There was a time when I stumbled upon a candidate on Pokémon GO. At the time, I knew a couple of senior IT people who used their real name as their Pokémon username (which is surprising to me). And Pokémon GO has these things called raids, during which you have to visit different places with other players, and together, beat the Pokémon. In one of these raids at Ülemiste City (which is filled with IT companies), I saw a guy who looked very familiar. And after the raid, much to my surprise, I looked up the guy on LinkedIn and it was the same candidate who we wanted to reach out to regarding a role.
So, with this background knowledge of him using Pokémon GO, we were able to reach out to him saying “Hey, we just finished a raid together, but would you also be interested in this role?”
Funnily enough, he replied. My main thing with reaching out to candidates is doing it as personalized as possible. It ended up being a great way for us to stand out from the generic reachout messages.
But although it worked for us, I must advise you to be careful with these kinds of approaches because if done wrong, it can come off as creepy.
What makes a good candidate experience?
Being human. It’s the number one thing that I see recruiters and companies forget. Of course, I rely on templates and guidelines that I have made for myself, but we have to remember that on the other side of the table, email – whatever the case may be – there’s a human being with their hopes, dreams and aspirations. So, once a candidate has entered your recruitment process via a screen or interview, make sure you give them feedback. Take the time to tell them how they can improve their CV or how they can be better at their next interview.
And when it comes to candidate feedback, make sure you do it over the phone. This gives them the opportunity to ask questions. For instance, I’ve had a candidate ask me for tips on how he could find his next job role. I took the time, about half an hour, to consult him. Then, a couple of months go by and he calls me out of the blue to say that he is starting a new role and that my tips helped him along the way. It is especially important to create these connections when you are recruiting in a tiny market such as Estonia.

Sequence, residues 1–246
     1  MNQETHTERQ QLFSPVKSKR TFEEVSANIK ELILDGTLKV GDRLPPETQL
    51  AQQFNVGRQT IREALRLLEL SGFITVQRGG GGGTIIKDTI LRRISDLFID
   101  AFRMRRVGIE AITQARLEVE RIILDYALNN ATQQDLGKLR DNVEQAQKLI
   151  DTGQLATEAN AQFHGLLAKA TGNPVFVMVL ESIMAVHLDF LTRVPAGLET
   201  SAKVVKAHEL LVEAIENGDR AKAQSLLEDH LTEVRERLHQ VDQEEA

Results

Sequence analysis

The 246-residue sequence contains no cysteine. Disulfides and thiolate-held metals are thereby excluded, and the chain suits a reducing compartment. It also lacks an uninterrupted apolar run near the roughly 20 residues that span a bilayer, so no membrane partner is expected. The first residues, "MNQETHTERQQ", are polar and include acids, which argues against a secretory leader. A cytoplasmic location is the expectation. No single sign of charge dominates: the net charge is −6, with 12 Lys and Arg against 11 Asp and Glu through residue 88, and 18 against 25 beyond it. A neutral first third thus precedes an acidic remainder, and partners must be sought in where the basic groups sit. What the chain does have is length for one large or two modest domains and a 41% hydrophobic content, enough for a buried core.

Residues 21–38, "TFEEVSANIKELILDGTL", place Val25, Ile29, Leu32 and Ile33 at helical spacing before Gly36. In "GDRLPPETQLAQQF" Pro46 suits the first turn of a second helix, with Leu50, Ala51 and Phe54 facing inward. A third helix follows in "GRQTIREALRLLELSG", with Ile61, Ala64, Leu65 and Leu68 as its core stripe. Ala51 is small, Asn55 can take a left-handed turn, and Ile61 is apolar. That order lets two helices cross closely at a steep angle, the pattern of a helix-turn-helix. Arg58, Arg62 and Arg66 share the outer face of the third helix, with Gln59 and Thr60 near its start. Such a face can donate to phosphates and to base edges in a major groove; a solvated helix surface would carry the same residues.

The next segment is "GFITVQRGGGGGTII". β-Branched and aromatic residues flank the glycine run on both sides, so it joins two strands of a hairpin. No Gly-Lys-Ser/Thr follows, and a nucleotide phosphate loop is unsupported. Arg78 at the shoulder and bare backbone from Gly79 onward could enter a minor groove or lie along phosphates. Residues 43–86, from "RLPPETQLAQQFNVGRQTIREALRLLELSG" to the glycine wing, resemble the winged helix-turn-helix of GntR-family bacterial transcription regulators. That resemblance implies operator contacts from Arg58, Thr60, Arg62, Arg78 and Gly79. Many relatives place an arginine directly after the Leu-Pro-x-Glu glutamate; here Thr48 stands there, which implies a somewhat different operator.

Remember, people want to be treated as human beings, not candidates.
What are the next recruitment trends?
I think recruitment is becoming more data-driven. Globally, the bigger companies have been doing it for years, but now more so than ever, I see local agencies and in-house talent acquisition teams add more metrics and KPIs to their approach.
One of the easiest recruitment metrics you can start tracking right away is candidate response rate. This is extremely valuable if you are doing full-cycle recruitment. If your response rate is too low, it is easy to hide behind excuses such as the market is too hot, but actually, you need to dig deeper and see how you can improve your message. With this metric, I recommend A/B testing different messages, which will give you great data points to analyze.
Another trend that I see is scraping and automation. Irina Sharmaeva recently wrote a good article about it. She mentioned that as companies increasingly look for talent globally, it makes sense to do more scraping and automation. This is, of course, without losing the human aspect of recruiting.
Where do you learn about recruitment? (Any recommendations)
I’m active in many Facebook recruitment groups (a list of the groups can be found here). People share a lot of useful content and tools there. Sometimes, you can also take part in beta testing new recruitment tools so you can be ahead of the game once those tools go live. I advise you to be active in those groups because when people see that you are curious and want to learn, they are also more likely to share their knowledge with you.
Before the pandemic, I also loved connecting with local and global recruiters by going to conferences and events. I’ve made some amazing connections that way.
Oh, and Hung Lee’s recruiting brainfood is a newsletter I recommend subscribing to.
What are your next steps as a recruiter?
I’m trying to become better at sharing my knowledge. For a long time, I was in the mindset of “no one will find what I have to say interesting.” But with more experience I see that’s not the case. Every one of us has something useful to share and I hope I can set a better example of knowledge sharing in the future.
Another thing I want to improve is my public speaking skills. This is something that is uncomfortable for me, mainly because I’m an overthinker and a procrastinator. But lately, I’ve been accepting more invitations to speak and present. I’ve done a couple of presentations so far and each time I’ve learned something new.
But as a very curious person in general, there are many things I can improve upon. I was once asked a question at an interview about which superpower I would like to have and my answer was to know everything in the universe. That is the kind of philosophy I live by.